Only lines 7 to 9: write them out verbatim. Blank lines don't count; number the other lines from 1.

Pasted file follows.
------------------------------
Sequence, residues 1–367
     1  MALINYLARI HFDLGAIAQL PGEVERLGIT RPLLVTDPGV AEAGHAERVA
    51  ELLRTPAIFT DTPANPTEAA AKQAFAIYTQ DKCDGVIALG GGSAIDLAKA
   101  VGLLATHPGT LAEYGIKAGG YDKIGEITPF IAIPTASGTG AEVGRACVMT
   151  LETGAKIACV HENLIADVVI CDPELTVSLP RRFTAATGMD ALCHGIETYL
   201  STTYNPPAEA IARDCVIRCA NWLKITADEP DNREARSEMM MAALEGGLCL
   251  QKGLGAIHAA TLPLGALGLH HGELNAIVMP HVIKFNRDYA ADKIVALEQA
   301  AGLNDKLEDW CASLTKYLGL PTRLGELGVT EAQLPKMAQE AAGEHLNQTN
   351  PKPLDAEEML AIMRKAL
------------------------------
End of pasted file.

   251  QKGLGAIHAA TLPLGALGLH HGELNAIVMP HVIKFNRDYA ADKIVALEQA
   301  AGLNDKLEDW CASLTKYLGL PTRLGELGVT EAQLPKMAQE AAGEHLNQTN
   351  PKPLDAEEML AIMRKAL